Published By The Writer's Coffee Shop
Obvious Child by Warren Cantrell is a strange story to describe, it's part sci-fi, part modern culture, and part drama.
The sci-fi is easy to explore as the tale begins with the first successful time travel experiment being broadcast on YouTube. Of course YouTube is hardly a private medium, so it is not long before the discovery goes viral and the Government is forced to decide on the best use of the technology through a very public forum. Enter the modern culture aspect... Reality TV and the Global Financial Crisis.
How do you chose the first suitable candidate to travel through time in today's society? More importantly in today's insecure financial climate, how do you fund such a project? Well... you invite applicants to submit an application along with an entry fee, you choose a select few to compete against each other and have the public vote. A simple enough premise with the obvious elevated drama that accompanies such programs.
But the real drama, the real depth to this novel centres around the main character Sam Grant, who goes from being a loveable larrikin to being a perfect scoundrel, before he finally chooses a more honourable path. I love stories where a character can grow and change, and come out a better person in the end.
My main criticism with this book is the author may have taken the degeneration of our Hero a little too far over to the dark side. It's a tricky to balance to maintain and in the end his redemption was proportionate, so I guess that the tension created by Sam's shenanigan's was justified.
I obtained an ARC from the publisher (via Netgalley) with a view to providing an honest review. The thoughts expressed above, are entirely my own. I don’t really like the concept of rating novels as they are subjective and subject to change. A five star book today, may be re-evaluated when compared to future novels.
Sam Grant doesn’t want to be famous, but he doesn’t have much of a say in the matter.
On the verge of graduating from college with his master’s in History, Sam and the rest of the world bear witness to the invention of time travel. Revealed via a YouTube broadcast, the brothers responsible for inventing time travel find their remarkable device coopted by the U.S. government. In a magnanimous gesture, the U.S. government holds a worldwide competition to decide who will be the first time traveler in history. This turns Sam’s world upside down after a half-baked joke application he sends in gets him accepted as a contestant for consideration.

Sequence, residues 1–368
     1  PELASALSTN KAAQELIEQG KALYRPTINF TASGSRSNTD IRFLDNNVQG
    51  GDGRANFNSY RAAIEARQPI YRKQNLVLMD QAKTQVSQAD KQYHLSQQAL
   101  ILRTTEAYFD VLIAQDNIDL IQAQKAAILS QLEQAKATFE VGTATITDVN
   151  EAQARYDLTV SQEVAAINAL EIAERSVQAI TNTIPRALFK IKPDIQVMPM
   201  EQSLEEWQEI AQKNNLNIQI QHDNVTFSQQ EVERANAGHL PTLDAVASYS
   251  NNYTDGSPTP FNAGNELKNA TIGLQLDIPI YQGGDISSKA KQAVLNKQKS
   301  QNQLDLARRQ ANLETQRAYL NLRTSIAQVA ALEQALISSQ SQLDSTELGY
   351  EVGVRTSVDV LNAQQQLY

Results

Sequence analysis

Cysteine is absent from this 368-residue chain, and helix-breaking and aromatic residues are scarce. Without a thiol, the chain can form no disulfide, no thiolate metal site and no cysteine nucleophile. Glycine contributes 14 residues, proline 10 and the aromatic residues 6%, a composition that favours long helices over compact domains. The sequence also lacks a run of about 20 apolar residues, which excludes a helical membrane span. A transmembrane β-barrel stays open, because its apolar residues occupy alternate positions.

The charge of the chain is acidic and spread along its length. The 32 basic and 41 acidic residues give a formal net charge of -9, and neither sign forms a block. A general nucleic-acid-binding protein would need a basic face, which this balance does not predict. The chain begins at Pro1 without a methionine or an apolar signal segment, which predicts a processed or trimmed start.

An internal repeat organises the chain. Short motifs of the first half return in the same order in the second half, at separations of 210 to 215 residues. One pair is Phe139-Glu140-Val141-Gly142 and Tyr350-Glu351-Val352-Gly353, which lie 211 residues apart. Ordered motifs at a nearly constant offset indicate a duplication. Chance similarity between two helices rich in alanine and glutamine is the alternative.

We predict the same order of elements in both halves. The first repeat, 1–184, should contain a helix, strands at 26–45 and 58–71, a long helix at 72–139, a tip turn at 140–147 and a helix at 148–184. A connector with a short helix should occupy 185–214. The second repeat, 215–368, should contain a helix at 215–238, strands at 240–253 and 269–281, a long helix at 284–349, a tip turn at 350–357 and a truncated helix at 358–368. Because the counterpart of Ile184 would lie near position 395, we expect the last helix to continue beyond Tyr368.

Thrust into a political and media blender set to puree, Sam and his fellow contestants vie for the affections of a worldwide audience who will vote on the eventual winner. As the successive rounds of the contest pass by, and Sam tries everything from indifference to wild irreverence to get himself voted out of the competition, he finds that all his actions only serve to make him more popular.
As the contest goes on, Sam and the time travel project become more of a referendum on our society’s fascination with celebrity disasters, and what they will do to make sure the entertainment doesn’t stop anytime soon. Unable to get out of the contest via logical means, Sam learns to embrace the perks sudden celebrity provides, yet also suffers some of its typical consequences.
Stuck between two worlds—one he can’t handle, and another he can’t control—Sam finds himself considering a third option, one that has him confronting a time traveling reality that terrifies him to his very core.
Warren Cantrell is a film and music critic based out of Seattle, Washington. One of the few surviving journalists of the Gonzo school, Mr. Cantrell’s work has appeared in such publications as Lost in Reviews and Scene-Stealers.
A classically trained scholar with a bachelor’s and master’s degree in History, Mr. Cantrell has spent the majority of his time since graduation writing novels and paying off his student loans. Working as a critic and an on-the-ground correspondent, Mr. Cantrell has covered the Seattle International and Sundance Film Festivals and has had the pleasure of interviewing people ranging from Sissy Spacek to Joss Whedon.
As an established film and music critic, Mr. Cantrell finds that it is best to keep his political views private, except to say that he feels Greedo definitely did not shoot first and that The Misfits ceased to exist the moment Danzig left the band.
A life-long Arizona Diamondbacks, Cardinals, and Phoenix Suns fan, Mr. Cantrell enjoys fast cars, Italian opera, Norwegian cinema, Kentucky bourbon, and Motörhead concerts.
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